The foreign exchange reserves have lost $2.97 billion since this year from combined challenges of low earnings and interventions in defence of the local currency.
However, it has recorded a relative stability at $26 billion market since May 2016, more than at other months of the year, with marginal gains and losses, as a result of policy options, improved earnings and demand pressure on the other hand.
Starting from January, the reserves lost $810 million from $28.97 billion; $340 million to $27.82 in February; and gained $40 million in March.
In April, it resumed the sliding profile, losing $780 million; $700 million in May, to $26.38 billion; $20 million in June; and $160 million in July.
From June to date, reserves’ depletion has moderated due to the introduction of the flexible exchange rate policy, which reduced speculations and volume of spot dollar-purchase, through the foreign exchange forwards market.
Similarly the, the local currency sustained its loss at the parallel market, exchanging for N400 per dollar at the weekend.
On the official interbank market, the naira ended weaker at N318.91 per dollar, after trades worth $12.63 million.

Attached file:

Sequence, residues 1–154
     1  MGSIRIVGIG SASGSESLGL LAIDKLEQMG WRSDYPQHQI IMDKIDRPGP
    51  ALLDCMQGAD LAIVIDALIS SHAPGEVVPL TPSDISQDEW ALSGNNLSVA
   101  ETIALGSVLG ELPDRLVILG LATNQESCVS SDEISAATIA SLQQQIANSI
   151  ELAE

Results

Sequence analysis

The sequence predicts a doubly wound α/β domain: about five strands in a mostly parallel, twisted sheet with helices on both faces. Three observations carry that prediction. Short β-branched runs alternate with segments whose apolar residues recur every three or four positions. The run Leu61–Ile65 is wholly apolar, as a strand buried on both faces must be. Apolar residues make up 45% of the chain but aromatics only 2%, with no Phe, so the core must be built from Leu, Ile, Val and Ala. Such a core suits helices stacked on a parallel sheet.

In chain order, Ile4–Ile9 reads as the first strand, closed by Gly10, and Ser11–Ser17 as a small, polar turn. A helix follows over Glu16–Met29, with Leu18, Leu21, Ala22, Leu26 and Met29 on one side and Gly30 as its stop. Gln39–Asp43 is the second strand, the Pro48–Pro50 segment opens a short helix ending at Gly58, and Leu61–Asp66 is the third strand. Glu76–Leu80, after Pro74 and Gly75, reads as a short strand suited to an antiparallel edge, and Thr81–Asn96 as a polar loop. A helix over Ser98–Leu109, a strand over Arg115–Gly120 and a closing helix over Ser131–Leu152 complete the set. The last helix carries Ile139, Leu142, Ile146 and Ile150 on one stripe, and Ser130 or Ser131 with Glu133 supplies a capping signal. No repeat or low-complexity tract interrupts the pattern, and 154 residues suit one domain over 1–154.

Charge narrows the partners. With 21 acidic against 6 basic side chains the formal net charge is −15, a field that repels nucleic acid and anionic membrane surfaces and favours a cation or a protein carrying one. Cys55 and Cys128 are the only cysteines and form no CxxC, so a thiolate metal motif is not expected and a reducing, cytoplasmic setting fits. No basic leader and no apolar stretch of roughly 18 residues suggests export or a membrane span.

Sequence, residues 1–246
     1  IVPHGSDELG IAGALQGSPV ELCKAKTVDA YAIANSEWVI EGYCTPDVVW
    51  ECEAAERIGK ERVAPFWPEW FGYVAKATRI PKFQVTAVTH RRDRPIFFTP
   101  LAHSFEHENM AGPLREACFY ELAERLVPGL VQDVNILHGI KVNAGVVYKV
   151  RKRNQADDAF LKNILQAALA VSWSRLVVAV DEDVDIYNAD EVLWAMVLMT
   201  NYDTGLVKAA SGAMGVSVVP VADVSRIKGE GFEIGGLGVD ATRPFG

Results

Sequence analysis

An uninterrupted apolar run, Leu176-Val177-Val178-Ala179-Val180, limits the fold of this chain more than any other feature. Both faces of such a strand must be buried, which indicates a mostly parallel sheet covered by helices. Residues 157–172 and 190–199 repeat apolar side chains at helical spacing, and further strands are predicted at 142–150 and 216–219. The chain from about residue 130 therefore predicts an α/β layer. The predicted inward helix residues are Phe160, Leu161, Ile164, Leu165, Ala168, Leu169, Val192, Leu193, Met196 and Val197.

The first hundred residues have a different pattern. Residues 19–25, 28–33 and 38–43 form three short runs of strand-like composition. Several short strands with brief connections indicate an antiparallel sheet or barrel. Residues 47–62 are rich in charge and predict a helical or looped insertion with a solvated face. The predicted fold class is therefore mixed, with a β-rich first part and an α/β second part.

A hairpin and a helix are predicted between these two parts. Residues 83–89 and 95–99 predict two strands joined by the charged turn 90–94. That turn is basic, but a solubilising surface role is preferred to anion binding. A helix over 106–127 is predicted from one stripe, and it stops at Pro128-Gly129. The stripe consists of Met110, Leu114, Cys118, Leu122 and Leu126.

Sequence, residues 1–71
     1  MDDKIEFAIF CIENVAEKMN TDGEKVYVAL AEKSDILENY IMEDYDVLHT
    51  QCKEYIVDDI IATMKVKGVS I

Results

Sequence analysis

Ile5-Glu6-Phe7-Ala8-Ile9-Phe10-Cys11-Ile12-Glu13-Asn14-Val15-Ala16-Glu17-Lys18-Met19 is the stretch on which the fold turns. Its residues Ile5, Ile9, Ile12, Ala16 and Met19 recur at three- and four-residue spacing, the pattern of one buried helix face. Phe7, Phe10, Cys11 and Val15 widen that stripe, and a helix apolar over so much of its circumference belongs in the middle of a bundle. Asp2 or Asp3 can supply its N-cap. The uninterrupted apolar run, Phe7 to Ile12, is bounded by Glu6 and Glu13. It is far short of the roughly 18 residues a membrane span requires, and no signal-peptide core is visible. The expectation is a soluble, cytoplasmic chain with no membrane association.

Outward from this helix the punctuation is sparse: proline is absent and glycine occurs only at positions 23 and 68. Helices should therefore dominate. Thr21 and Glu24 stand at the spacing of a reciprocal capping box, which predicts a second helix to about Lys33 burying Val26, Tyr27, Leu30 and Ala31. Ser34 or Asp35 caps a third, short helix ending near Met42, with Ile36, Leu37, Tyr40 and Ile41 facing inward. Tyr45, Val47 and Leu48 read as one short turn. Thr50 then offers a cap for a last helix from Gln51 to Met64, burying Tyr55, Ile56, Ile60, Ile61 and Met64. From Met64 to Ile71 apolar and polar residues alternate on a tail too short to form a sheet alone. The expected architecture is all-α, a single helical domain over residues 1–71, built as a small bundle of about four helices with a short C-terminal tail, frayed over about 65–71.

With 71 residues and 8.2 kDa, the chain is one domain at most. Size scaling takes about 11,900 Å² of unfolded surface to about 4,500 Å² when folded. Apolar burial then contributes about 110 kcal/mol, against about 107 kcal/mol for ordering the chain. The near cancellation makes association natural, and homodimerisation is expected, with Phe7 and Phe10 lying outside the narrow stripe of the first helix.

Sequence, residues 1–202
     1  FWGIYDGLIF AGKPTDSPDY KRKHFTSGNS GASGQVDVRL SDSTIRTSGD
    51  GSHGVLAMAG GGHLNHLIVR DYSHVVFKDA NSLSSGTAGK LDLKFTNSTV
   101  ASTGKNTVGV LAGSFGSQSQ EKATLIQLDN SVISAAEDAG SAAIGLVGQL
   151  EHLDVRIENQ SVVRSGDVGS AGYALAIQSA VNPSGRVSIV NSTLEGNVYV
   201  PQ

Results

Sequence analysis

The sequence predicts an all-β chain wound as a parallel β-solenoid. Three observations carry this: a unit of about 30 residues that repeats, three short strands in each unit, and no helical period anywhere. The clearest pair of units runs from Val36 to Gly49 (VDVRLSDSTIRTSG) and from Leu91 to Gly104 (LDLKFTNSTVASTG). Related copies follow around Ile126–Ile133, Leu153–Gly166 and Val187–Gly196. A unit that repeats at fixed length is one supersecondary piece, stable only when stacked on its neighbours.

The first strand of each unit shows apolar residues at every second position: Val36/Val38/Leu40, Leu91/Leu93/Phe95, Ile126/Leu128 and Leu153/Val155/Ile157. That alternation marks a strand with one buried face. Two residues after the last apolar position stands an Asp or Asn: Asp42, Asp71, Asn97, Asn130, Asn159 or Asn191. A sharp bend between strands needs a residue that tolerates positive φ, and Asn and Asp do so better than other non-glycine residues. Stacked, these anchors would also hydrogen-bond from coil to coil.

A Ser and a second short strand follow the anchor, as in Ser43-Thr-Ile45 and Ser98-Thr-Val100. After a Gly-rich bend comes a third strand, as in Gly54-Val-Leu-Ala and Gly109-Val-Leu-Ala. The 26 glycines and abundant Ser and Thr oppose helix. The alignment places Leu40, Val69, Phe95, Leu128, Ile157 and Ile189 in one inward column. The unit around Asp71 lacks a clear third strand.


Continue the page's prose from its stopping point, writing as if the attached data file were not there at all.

The naira dropped continuously at unofficial market last week after opening at 381 on Monday, riding on the back of assessed dollar demand from individuals travelling abroad for their summer holidays.
Already, the Central Bank of Nigeria (CBN)has directed international money transfer operators to pay dollar proceeds from transfers into local commercial banks in naira, while selling the dollars themselves to bureaux de change outlets.
The bank hopes the move will help narrow the gulf between the official and black market rates and boost dollar liquidity, traders say.
Some past suppliers of dollars, including oil firms, are now selling some of their hard currency directly to petrol importers under an arrangement with the government, draining supply at the market and pressing the reserves.
Besides, the noted that banks, which act as agents of some international money transfer operators are yet to comply with the directive from the Central Bank of Nigeria, that instructed them to sell foreign currency remittances to licensed bureau de change operators.
Meanwhile, cumulative monetary policy actions of CBN worth N415.5 billion, last week, kept money supply in check, as interbank lending rates remained trended higher.
The treasury bills auction, which was conducted twice, had withdrawn N170.3 billion earlier in the week, while the second auction sterilized another N245.2 billion.
Consequently, interbank lending rates- Open Buy Back and Overnight, which started the week at less than 12 per cent, ended higher at 19.5 and 20.6 per cent respectively, through steady progression in all the trading days.
The first auctioned instruments were the 353-day and 185-day bills at marginal rates of 18.5 per cent and 18 per cent.
The second auctioned instruments were the 91-day, 182-day and 364-day securities at stop rates of 15.4 per cent, 18.1 per cent and 18.5 per cent, which were also twice oversubscribed.